Introduction: The Artist's Grind

Thanks for visiting my website!

My name is Belle and I'm a Dancer, Choreographer, and Teaching Artist based in Philadelphia. 

Photo: Brian Mengini

Photo: Brian Mengini

Anyone who has trained professionally knows that once you’re done with your degree or conservatory it’s up to you to decide where your art takes you. One you hone your skills and earn your credentials, you stumble into becoming your own small business, steering your own schedule, and in a lot of cases, self producing. Yikes!

We dedicate ourselves to years of practice and then we have to rediscover routine and habit in our managerial capacity. Dancers, actors, musicians, and visual artists know exactly the sort of existential crisis I’m talking about.

This blog is dedicated to my own journey in learning as I go and the questions (and feels) that come up when you’re putting your artistic mission into practice. My goal is to encourage best practices for other emerging artists. I’m sharing my story in the hope that it inspires others to thrive, practice, and create in a sustainable way-I’m looking for longevity out of my artistic pursuits and I know a lot of you are, too.

I graduated with BFA in Dance almost two years ago and one of the bestthings I’ve been able to do for myself is commit to ongoing professional development.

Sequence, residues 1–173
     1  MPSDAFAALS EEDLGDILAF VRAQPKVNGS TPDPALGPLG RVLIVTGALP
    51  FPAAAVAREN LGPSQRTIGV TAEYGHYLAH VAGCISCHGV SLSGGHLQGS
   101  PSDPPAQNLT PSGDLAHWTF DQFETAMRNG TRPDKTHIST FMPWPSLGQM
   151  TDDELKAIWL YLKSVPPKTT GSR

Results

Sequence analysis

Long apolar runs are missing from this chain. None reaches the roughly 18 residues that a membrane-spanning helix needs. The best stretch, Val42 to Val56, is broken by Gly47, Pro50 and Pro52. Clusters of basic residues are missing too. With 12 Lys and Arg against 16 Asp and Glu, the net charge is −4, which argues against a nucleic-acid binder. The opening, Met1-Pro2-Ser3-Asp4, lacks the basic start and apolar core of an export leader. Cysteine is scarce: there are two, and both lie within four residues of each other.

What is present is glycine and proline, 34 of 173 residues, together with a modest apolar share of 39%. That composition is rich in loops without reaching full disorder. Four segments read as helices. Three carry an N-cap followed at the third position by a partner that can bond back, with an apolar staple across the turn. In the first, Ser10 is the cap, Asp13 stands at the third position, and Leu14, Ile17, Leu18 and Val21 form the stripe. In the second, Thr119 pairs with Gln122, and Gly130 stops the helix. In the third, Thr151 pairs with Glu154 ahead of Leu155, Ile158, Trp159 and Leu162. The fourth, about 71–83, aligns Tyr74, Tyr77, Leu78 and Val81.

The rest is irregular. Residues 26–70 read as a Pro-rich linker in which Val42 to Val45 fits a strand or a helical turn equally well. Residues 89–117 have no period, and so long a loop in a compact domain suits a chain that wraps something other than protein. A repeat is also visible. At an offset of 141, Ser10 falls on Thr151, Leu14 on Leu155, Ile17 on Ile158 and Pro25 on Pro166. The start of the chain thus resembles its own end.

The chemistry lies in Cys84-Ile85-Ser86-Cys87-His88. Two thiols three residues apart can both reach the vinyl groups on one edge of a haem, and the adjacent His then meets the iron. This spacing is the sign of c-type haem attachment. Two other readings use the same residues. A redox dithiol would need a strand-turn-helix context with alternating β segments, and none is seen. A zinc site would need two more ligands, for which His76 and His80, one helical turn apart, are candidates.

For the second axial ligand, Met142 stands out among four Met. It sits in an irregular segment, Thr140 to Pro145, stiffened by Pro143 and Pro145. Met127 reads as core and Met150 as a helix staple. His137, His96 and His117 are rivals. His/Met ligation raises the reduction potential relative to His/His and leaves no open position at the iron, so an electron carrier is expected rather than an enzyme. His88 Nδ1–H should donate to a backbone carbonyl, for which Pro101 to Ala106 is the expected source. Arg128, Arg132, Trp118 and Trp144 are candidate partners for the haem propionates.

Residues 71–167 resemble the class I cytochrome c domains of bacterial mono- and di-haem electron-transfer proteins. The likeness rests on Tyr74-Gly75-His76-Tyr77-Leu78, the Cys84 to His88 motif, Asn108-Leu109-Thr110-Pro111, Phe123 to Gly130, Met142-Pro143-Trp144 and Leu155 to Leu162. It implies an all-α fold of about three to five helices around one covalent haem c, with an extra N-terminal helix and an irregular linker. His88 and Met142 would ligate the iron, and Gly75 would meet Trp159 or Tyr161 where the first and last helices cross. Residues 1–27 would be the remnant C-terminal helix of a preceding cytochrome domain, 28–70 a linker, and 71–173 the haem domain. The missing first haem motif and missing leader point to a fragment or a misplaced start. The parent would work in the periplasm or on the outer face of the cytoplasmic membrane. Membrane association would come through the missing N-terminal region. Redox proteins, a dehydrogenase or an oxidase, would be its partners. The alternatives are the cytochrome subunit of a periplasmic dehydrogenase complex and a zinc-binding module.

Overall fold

This takes shape in many different forms:

  1. Free workshops and master classes in your community

    •  Sign up for mailing lists and subscribe to listservs to stay in the loop! Connect with local artists on social media and look for event invitations and auditions.
  2. Paid workshops offered by local companies

    • Not only do they maintain and improve your craft, they also provide networking opportunities.
    • Where is your local metropolis? I’m fortunate to be a short bus ride away from NYC and Washington, DC where some of the country’s top companies and arts venues are based. Make sure to write off your travel receipts on your taxes (the tax post is coming later).
  3. Candid conversations with peers

    • Keep creating. Keep creating with your friends. The questions you have on your mind are likely on theirs as well! Support each other. Show up for their projects and involve them in yours (the competition mentality is a little old skool and at times unrealistic for me).
  4. Candid conversations with mentors/older artists

    • Find someone you admire who’s work and experiences align with your values. Email them, let them know what you have questions/thoughts/ideas about, take them out for coffee, connect, learn, respond, repeat. The perspective of someone 5-10+ years ahead of you can be so refreshing!

As I said, I’m learning as I go and we’re in this creative pursuit together. For youth artists, I hope this offers insight in your pre-professional careers.

Where are you based and what is a current project that you’re excited about? Do you have 2-5 jobs, 5-10, or 11+?

dancing joyfully,

Belle